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Prop Terminology

Prop Terminology

Pitch is the distance that a propeller would move in one revolution. When a propeller is identified as 14 1/2 x 24, it has a 14 1/2″ (diameter with 24″ of pitch. Theoretically, this propeller would move forward 24″ in one revolution.)
Repitch This is where we increase or decrease the pitch by 1 inch. A repitch will change the RPMs by approximately 200.
Diameter is the distance across the circle made by the blade tips as the propeller rotates, determined by the RPM at which the propeller will be turning.
Cupping, When the trailing edge of the blade is formed or cast with an edge curl, it is said to have a cup. Cupped props will usually allow a faster top speed and more midrange efficiency, by allowing more positive trim with less prop slip. Cupping benefits are so desirable that nearly all modern recreational, high-performance or racing propellers contain some degree of cup. Cupping will usually reduce full-throttle engine speed about 100 to 200 RPM below the same pitch propeller with no cup. A propeller repair shop can increase or decrease cup to alter engine rpm to meet specific operating requirements on most propellers.

As a shape passes through water at an increasing speed, the pressure that holds the water to the sides and back of the shape is lowered. Depending upon the water temperature, when the pressure reaches a sufficiently low level, boiling (i.e., the formation of water vapor) will begin. The collapsing action, or implosion, of the bubbles releases energy that chips away at the blades, causing a “cavitation burn” or erosion of the metal.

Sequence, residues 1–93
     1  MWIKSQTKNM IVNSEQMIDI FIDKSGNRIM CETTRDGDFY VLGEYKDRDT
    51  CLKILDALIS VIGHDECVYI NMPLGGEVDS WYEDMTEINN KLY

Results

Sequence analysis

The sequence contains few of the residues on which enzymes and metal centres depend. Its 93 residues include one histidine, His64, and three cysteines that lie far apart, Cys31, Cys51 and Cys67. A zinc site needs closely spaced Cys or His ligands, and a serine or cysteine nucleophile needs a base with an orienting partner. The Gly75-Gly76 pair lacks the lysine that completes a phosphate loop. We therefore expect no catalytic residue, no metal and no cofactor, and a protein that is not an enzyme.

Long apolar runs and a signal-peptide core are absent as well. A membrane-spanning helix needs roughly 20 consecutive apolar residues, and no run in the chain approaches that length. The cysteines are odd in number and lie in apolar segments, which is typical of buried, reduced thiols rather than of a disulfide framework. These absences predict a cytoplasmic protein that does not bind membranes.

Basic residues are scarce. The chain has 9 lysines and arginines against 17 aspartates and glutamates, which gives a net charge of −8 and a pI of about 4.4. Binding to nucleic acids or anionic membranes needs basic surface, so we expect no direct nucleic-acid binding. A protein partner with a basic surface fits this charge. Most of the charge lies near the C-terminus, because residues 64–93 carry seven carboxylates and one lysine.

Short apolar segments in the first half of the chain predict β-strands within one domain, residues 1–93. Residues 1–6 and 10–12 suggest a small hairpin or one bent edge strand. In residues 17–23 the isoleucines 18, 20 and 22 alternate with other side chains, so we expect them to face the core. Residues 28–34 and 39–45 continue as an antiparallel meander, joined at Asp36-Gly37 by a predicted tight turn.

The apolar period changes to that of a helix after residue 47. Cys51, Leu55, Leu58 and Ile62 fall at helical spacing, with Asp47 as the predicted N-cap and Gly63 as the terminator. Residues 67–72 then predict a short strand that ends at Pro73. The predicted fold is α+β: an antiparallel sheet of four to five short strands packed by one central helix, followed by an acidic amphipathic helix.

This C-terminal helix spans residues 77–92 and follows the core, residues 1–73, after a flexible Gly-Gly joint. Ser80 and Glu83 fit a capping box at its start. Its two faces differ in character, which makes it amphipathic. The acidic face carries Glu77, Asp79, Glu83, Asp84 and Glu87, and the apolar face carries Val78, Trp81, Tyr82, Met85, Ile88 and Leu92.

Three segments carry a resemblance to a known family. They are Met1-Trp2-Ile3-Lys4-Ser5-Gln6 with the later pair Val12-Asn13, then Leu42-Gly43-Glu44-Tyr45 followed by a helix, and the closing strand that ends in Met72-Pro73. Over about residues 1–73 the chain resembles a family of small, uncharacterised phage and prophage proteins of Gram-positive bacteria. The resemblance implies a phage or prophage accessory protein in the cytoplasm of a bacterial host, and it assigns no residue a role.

The initial cause of the low pressure may be nicks in the leading edge, too much cup, sharp leading edge corners, improper polishing, or, sometimes, poor blade design. Massive cavitation by itself is rare, and it usually is caused by a propeller that is severely bent or has had its blade tips broken off resulting in a propeller that is far too small in diameter for the engine.

Ventilation occurs when air from the water’s surface or exhaust gases from the exhaust outlet are drawn into the propeller blades. The normal water load is reduced and the propeller over-revs, losing much of its thrust. This action most often occurs in turns, particularly when trying to plane in a sharp turn or with an excessively trimmed-out engine or drive unit. Ventilation can also be caused by aerated water from step bottom hulls.
Lab finishing, refers to the process used to insure the accuracy of the propeller rake angle, pitch, progression, pitch variation and cup. This hand process involves thinning the blades and sharpening the leading edges.

Blueprinting refers to the process used to ensure the accuracy of the propeller rake angle, pitch, progression, pitch variation, and cup. This hand process involves thinning the blades and sharpening the leading edges.

The advantage of blueprinting is that it reduces the horsepower required to turn the propeller and generates more usable horsepower for thrust. On an accurate, well-built propeller the speed gain may be 2-3 miles per hour. On a lesser quality propeller, the increase may be 3-4 miles per hour.

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